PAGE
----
“The military and economic tools are certainly important,” says Scott Stewart, vice president of tactical analysis for Stratfor, a prominent global intelligence and advisory firm. “But no strategy or tool is more important than the ideological.”

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Why Not Reason With Them?

Stewart tells The Root that rampant corruption and human rights abuses by the Nigerian military validate a broader “us vs. them” narrative that fuels rising animosity toward the current government. “Until they get that issue resolved, there’s not much hope.”

Hence, defeating Boko Haram really boils down to a virtually impossible hearts-and-minds calculus that’s bigger than Boko Haram. Any strategy would entail finding a way to radically ease long-standing tensions between the country’s North and South, or its largely Muslim and Christian political camps, respectively. It’s a classic poor-vs.-rich scenario, a case in which an impoverished North feels neglected and abandoned in the dust of a petroleum-rich South having a greater amount of loot to share.

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Another problem is the perception, primarily from the Muslim-dominated Northern region, that Jonathan is an illegitimate president. Many believe this year’s election has him actually gunning for a third term, since he was vice president for a few years before overtaking the presidency in 2010. That’s largely considered a violation of an unofficial, rotational leadership agreement between the North and South.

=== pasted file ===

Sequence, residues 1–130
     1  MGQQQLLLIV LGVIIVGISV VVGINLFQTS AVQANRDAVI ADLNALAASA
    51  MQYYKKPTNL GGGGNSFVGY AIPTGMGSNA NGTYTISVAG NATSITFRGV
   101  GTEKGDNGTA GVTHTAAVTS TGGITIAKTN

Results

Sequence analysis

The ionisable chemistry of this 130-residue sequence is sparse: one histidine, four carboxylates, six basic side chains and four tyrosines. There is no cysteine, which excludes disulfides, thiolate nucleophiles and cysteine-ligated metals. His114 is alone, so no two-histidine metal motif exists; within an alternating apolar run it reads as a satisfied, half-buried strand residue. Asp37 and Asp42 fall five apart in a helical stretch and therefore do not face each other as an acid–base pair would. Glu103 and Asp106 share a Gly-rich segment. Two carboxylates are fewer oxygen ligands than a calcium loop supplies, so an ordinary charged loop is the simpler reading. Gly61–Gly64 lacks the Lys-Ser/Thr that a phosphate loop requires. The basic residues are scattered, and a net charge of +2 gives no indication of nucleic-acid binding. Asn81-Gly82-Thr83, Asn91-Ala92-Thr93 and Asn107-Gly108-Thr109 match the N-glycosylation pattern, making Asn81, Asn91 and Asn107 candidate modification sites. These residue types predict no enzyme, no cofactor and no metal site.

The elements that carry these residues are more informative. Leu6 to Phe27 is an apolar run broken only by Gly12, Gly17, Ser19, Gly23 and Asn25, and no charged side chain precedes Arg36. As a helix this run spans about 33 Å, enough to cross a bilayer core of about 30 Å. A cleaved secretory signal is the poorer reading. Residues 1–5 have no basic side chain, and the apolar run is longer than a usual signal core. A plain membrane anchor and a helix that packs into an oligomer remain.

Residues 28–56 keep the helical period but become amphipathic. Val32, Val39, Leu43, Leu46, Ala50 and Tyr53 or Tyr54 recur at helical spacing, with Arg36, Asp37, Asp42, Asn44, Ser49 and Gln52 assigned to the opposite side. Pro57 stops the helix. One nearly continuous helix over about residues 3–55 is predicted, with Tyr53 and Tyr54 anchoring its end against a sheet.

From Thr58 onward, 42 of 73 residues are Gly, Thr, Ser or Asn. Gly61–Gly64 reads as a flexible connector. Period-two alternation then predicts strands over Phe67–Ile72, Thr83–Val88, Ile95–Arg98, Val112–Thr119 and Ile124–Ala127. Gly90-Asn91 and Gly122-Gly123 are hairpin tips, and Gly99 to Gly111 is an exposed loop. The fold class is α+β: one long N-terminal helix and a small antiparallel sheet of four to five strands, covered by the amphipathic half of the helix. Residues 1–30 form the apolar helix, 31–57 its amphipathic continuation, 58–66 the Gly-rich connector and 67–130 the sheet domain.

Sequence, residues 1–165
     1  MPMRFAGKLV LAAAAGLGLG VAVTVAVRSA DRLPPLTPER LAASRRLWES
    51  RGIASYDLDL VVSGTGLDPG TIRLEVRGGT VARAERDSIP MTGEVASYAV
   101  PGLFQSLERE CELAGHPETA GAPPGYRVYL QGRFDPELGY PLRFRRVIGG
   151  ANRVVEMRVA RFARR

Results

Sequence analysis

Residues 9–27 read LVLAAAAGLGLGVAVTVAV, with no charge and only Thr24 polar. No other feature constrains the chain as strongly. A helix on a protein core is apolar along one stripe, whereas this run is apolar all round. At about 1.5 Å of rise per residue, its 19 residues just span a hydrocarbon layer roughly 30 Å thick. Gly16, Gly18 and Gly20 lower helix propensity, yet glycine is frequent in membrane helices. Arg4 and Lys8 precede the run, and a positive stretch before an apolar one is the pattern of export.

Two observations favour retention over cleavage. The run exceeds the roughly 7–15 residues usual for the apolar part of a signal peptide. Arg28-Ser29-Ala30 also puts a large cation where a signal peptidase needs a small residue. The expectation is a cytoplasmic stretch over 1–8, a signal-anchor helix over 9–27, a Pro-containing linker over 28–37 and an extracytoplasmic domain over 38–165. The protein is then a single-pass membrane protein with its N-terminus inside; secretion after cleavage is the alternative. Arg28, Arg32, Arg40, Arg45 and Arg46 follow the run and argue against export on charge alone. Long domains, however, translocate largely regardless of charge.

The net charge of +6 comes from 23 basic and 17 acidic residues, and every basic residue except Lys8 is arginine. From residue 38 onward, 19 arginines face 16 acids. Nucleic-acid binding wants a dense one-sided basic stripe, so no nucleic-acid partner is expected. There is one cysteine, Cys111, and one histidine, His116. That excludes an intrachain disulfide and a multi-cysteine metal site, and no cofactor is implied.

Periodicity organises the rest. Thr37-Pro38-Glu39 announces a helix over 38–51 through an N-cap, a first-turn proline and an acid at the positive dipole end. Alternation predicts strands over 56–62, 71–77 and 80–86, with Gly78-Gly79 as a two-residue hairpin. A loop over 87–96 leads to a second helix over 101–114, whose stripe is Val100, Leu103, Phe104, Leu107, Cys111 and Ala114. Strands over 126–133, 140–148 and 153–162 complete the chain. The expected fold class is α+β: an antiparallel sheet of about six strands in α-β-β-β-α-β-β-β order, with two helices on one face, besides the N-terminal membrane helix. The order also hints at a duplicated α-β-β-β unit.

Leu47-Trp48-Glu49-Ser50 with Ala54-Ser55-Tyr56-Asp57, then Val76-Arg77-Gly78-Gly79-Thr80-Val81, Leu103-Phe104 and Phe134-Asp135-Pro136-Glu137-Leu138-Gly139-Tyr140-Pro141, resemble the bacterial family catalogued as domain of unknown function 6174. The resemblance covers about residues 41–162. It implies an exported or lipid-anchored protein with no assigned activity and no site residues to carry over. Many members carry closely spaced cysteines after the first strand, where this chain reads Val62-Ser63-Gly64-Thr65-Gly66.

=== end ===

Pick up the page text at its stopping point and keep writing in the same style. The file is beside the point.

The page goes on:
To bolster their cause, Northern politicians started quietly supporting and funding Boko Haram, according to Stratfor’s Stewart.

“Boko Haram has been operating on a well-crafted strategy, taking advantage of the religious, ethnic and political divide in the country,” activist Moyo Hicks tells The Root from Nigeria. “They carried attacks on churches, which made it seem they were against the Christians, and it didn’t spark a great outrage from the Northerners, who are mostly Muslims.”

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Can You Vote Them Out?

You definitely need dramatic political change in Nigeria. Tensions are rising fast as a competitive, presidential election approaches, with Muslims in the North fielding retired major general and short-lived ’80s-era dictator Muhammadu Buhari against the South’s oil-funded incumbent, Jonathan. On the surface, the expectation is that once Buhari is elected, Boko Haram pulls back.